- Sergeant say the Afghans he killed were insurgents, not civilians
- He admits severing fingers from slain Afghans as "trophies"
- He admits threatening an Army private upset over fellow soldiers' drug use
- Staff Sgt. Gibbs could face life in prison if convicted on all counts
An Army staff sergeant accused of leading a rogue "kill squad" charged with murdering three Afghan civilians took the stand Friday during his court martial and denied carrying out the killings. Yet he admitted to cutting off body parts as part of what prosecutors called a gruesome practice of keeping battlefield "trophies."
Staff Sgt. Calvin Gibbs' surprise testimony came a week after his court martial began. It is the first time Gibbs has publicly presented his version of what happened with the platoon he led from the Army's 5th Stryker Brigade.
He is the highest-ranking soldier charged in what prosecutors say was a rogue "kill squad" that allegedly targeted Afghan civilians and made it look like they'd been insurgents.
Gibbs has pleaded not guilty.
Twelve soldiers have been charged in the case. Three have pleaded guilty to murders and agreed to testify against fellow soldiers. Another six have been convicted of lesser crimes.
Besides the murders, Gibbs also has been charged with removing body parts from his alleged victims, such as teeth and fingers, to keep as souvenirs; planting "drop weapons" to fake attacks on soldiers; and intimidating several of his own unit members to prevent them from speaking out against the unit's alleged murder plots and rampant drug use.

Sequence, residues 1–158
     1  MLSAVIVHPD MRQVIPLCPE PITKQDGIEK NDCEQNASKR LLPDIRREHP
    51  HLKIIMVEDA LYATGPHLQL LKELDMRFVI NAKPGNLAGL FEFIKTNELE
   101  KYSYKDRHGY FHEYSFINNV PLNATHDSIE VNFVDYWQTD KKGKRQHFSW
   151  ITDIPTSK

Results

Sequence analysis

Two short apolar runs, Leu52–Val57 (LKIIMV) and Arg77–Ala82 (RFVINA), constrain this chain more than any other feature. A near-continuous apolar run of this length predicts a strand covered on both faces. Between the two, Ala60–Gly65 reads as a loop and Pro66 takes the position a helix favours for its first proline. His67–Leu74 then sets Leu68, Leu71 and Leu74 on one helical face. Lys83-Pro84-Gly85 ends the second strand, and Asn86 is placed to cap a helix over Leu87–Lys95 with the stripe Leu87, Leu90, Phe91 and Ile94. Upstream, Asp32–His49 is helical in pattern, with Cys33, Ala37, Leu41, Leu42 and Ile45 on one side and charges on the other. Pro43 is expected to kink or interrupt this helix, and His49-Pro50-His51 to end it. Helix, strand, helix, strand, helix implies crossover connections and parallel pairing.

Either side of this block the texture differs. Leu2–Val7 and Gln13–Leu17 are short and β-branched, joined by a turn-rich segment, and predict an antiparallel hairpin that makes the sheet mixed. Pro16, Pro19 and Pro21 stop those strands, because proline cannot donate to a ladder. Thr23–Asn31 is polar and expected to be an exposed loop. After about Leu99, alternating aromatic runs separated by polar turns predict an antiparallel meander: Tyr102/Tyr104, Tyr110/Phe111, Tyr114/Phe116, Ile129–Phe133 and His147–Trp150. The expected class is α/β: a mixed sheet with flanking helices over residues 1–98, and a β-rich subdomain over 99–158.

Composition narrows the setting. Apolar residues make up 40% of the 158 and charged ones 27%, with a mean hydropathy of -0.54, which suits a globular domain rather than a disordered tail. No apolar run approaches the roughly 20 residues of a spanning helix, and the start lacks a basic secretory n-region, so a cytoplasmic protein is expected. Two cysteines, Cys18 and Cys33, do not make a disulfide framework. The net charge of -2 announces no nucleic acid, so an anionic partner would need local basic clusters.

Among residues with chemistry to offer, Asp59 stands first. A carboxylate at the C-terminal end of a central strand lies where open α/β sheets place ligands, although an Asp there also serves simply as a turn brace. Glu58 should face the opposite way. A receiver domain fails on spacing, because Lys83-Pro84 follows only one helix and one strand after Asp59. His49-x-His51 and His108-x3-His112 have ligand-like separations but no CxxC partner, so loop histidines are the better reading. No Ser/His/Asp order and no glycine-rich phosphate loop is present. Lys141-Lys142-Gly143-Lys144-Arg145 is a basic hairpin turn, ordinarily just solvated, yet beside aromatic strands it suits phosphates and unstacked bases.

Having already served a tour in Iraq, Gibbs was on his second tour in Afghanistan when he took over the brigade's 3rd platoon. Its previous leader lost a leg in a roadside bombing, an attack that Gibbs said adversely affected his morale and others.
"I should've been on the truck that day," he testified Friday.
Soldiers from his platoon testified during the court martial for Gibbs -- who stands 6 feet, 4 inches tall and has told investigators that his six skull tattoos are to track his kills in Iraq and Afghanistan -- that he called Afghans "savages," talked about how he killed civilians in Iraq and told them they should not hesitate to fire when in a difficult spot.
"If they are put in a tight situation, don't not pull the trigger," Gibbs said he advised members of his new platoon. "You won't go to jail for it."
He testified Friday about telling soldiers serving under him in Afghanistan how he "lit ... up" a car coming toward him in Iraq, while he was manning a nighttime checkpoint. Inside the car was an unarmed Iraqi family, Gibbs said.
He recalled how, immediately after this shooting, another soldier called him a "sicko" and said he would "fry" for the family's deaths. But his superiors later told him he would not face charges, Gibbs' testified.
Another soldier -- Private Jeremy Morlock -- testified that Gibbs bragged about the Iraq killings and claimed the incident showed that troops could target civilians without facing repercussions.